Book Review: Feral Youth (Polly Courtney)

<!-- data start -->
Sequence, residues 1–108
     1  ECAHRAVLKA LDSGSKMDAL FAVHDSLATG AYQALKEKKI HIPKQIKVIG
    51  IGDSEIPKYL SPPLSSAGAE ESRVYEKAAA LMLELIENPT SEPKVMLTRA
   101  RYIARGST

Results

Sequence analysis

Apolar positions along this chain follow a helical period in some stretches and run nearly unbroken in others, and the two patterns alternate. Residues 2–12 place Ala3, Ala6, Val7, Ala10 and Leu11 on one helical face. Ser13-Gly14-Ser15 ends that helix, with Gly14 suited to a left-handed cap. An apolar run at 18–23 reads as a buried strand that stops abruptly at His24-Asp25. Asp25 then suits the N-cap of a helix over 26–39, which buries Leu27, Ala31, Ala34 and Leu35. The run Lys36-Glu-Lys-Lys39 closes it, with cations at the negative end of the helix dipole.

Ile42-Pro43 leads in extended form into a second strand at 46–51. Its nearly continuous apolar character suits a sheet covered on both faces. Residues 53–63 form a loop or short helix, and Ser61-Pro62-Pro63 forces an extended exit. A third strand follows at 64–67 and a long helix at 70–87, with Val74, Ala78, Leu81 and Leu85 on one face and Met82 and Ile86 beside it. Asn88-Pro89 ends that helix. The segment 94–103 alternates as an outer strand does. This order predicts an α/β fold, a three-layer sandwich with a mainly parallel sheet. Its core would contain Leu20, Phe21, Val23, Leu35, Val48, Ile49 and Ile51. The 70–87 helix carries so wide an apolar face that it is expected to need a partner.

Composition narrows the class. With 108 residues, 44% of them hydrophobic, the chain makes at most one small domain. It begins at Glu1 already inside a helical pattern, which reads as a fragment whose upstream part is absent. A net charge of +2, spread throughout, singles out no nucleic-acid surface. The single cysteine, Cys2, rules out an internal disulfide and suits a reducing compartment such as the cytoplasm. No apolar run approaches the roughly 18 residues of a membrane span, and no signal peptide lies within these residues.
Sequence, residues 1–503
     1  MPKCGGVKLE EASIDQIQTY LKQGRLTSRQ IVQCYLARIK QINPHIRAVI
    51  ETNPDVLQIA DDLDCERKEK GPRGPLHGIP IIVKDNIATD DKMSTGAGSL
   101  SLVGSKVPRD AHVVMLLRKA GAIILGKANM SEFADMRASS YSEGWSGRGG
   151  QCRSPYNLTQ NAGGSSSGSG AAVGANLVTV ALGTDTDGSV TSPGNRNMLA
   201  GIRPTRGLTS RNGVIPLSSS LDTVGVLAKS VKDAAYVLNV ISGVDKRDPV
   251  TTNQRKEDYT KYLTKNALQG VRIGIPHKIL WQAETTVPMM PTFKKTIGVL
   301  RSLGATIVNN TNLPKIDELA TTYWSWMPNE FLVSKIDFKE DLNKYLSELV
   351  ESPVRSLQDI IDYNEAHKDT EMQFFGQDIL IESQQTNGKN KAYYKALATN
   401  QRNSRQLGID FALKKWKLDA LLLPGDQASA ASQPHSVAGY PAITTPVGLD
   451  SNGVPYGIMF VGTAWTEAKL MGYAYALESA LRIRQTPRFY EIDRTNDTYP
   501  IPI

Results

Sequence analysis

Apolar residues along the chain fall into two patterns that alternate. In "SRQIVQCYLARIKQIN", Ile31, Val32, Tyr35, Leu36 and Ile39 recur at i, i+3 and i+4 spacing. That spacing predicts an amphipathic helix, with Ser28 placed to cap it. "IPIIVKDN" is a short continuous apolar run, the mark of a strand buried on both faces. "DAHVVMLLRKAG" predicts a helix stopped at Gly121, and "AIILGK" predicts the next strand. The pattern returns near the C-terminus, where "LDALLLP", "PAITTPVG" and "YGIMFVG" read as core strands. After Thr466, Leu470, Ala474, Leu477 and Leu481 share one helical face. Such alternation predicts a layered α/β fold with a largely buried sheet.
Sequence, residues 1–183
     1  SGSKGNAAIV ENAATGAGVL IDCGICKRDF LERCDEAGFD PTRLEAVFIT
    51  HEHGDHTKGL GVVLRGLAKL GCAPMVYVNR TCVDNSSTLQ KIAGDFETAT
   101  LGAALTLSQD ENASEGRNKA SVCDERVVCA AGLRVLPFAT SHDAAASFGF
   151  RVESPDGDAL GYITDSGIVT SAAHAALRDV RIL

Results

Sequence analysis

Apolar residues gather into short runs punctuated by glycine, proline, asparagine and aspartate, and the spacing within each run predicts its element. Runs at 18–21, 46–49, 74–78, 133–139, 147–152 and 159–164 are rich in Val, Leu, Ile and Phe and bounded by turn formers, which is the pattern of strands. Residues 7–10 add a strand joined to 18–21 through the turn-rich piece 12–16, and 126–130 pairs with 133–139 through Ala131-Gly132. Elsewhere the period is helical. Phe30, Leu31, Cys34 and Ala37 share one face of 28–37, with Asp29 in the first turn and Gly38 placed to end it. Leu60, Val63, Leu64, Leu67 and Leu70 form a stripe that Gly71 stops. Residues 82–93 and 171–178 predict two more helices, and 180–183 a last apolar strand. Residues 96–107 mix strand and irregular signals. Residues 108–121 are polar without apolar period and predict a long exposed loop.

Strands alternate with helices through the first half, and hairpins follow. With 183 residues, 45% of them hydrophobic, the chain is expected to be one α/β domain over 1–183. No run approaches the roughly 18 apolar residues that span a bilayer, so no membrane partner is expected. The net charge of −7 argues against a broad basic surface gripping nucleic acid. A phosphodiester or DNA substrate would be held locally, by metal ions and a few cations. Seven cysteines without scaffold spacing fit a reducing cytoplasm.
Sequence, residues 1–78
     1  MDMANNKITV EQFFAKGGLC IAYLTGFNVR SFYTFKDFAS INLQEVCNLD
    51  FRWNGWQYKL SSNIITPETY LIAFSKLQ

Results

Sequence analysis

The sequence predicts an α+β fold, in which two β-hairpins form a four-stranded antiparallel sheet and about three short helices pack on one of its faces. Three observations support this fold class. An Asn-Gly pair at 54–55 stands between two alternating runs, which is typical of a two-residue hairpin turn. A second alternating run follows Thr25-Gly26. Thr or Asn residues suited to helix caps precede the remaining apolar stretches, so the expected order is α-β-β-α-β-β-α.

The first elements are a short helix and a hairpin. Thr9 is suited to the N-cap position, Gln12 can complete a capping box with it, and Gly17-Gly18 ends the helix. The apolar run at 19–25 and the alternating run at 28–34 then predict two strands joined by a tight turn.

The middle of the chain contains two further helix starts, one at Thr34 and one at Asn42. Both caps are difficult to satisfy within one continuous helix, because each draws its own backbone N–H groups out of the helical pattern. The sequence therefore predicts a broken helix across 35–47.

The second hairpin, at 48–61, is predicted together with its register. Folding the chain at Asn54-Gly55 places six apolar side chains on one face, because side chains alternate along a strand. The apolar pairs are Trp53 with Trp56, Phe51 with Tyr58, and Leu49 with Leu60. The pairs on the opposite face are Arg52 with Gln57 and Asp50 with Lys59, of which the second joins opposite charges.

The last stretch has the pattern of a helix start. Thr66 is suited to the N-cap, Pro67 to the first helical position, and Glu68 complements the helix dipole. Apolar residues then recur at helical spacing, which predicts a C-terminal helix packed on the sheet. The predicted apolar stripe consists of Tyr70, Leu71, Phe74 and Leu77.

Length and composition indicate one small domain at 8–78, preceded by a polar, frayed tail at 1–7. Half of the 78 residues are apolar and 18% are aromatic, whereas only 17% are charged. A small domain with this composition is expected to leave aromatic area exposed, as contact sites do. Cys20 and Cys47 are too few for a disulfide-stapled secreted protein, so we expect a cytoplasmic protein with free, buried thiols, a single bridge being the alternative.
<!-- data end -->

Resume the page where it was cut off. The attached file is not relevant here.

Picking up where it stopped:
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Set in the lead up to the London Riots in 2011, Feral Youth tells the story of 15-year-old Peckham girl Alesha – the so-called ‘poster child’ for a generation of teenagers whose lives are often hidden from view, whilst still being the of cause much handwringing/berating in the right wing press. Talk of society, politics and ‘disenfranchisement’ is not something that touches Alesha’s life, however. After escaping from a childhood with an abusive, drug-addicted mother, and then being forced to leave the flat that she shared with an old friend, his grandmother and a dog named GBH, she’s more concerned with having somewhere to sleep at night, and finding something to eat that day, and not being attacked. The sixth novel from Polly Courtney was written with the hope of opening people’s minds – questioning the reasons behind the riots, rather than simply maligning those that were involved. Before reading Feral Youth, I was worried that the story told would be a vain attempt to see the world from ‘Alesha’s’ perspective, and that this would come across as patronising - especially when I hit on the explanatory glossary that prefigures the first chapter.
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